Wednesday, March 11, 2009
A Partisan's Daughter - Louis de Bernieres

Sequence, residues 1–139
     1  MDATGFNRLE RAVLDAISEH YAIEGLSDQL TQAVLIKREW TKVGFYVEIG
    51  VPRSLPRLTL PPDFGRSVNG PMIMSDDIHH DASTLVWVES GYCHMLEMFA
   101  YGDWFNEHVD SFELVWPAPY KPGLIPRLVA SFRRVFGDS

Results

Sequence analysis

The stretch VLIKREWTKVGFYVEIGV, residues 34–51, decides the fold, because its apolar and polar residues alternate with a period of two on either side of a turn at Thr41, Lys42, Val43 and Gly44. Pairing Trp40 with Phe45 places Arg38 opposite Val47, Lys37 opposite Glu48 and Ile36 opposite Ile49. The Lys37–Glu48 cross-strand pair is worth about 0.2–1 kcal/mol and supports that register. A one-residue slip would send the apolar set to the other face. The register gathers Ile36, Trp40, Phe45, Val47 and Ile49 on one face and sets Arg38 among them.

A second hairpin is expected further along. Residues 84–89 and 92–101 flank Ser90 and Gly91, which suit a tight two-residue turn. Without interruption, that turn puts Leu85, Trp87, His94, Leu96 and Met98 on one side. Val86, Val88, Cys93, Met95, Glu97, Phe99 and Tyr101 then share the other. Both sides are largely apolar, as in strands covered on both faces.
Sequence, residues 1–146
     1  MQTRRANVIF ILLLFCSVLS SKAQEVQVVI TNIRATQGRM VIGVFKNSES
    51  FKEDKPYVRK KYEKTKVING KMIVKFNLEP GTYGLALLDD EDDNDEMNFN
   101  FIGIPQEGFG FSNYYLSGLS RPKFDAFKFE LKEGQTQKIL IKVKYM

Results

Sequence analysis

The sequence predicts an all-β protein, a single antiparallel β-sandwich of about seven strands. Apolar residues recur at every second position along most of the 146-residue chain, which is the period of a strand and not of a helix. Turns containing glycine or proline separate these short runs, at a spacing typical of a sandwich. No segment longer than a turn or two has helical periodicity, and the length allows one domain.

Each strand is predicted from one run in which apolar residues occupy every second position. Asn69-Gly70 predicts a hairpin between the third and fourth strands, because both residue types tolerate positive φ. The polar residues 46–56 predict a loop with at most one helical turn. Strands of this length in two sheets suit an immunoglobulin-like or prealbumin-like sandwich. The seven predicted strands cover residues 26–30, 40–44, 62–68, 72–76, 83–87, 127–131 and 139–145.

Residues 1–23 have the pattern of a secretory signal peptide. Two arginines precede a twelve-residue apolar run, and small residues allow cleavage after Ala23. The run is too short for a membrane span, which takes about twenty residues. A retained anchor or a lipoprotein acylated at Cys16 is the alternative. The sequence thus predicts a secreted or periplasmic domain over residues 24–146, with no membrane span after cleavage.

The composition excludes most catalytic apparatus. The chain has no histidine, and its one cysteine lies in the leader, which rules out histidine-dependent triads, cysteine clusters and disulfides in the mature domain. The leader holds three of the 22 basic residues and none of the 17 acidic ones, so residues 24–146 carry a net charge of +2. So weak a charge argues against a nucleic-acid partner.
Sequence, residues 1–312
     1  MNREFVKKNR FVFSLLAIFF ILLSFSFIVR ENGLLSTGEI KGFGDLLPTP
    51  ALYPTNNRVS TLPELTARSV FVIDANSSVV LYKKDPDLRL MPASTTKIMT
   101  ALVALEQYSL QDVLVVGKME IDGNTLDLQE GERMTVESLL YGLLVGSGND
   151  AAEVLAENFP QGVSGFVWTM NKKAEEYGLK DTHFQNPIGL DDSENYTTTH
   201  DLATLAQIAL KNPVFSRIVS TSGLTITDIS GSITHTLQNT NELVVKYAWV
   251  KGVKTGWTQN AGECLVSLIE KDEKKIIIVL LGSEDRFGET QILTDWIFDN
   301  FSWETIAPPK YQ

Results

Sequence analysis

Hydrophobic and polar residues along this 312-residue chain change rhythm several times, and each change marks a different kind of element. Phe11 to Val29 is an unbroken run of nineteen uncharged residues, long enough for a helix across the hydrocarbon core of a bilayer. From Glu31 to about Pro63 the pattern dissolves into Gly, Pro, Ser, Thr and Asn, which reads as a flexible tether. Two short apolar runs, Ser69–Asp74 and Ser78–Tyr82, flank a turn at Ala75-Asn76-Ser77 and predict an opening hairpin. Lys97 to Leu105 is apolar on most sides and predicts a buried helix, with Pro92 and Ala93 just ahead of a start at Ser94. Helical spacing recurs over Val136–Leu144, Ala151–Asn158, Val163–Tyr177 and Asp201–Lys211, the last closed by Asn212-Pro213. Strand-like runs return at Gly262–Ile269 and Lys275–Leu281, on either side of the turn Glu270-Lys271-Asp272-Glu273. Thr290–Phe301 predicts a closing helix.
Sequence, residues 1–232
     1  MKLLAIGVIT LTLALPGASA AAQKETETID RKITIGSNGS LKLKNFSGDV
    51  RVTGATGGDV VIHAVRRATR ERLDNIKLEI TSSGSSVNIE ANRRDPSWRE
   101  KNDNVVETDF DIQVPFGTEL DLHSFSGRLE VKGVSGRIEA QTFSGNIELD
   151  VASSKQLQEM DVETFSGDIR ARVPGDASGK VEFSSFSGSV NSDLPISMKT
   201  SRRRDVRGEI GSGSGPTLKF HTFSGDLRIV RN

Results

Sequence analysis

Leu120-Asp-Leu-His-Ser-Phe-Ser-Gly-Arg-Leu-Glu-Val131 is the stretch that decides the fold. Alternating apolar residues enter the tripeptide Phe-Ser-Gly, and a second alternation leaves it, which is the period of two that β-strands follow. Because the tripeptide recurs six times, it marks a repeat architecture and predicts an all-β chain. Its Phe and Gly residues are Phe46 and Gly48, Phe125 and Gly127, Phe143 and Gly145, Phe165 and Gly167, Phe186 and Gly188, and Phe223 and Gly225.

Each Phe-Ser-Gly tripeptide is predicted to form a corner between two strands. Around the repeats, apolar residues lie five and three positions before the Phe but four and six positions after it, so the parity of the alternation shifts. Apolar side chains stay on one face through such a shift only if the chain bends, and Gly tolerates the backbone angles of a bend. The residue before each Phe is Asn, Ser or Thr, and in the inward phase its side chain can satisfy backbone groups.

Years ago, I read and fell in love with Corelli's Mandolin. So, I was interested to pick up de Bernieres's most recent novel, which has received a great deal of praise. A Partisan's Daughter takes place in London and is a sexually obsessed love story told from the alternating first-person perspectives of Chris, an unhappily married man, and Roza, a Yugoslavian immigrant who Chris initially mistakes for a prostitute. As the two spend increasing amounts of time together, Chris fancies their relationship as a budding romance. Roza's motives are a little more difficult to discern. She strings him along telling him stories from her past, fearing that he will lose interest if her stories are not shocking enough. Yet, Roza does not seem particularly to like Chris, rather viewing him as a toy to manipuate and deceive. While neither of the characters in this novel are likeable, the writing maintained my interest and I was eager to find out what, if anything, would come of the relationship. Plot-wise, this is a much less sophisticated endeavor than Corelli's Mandolin, but it was an interesting exploration of two people from different backgrounds dealing with the loneliness and uncertainty of life.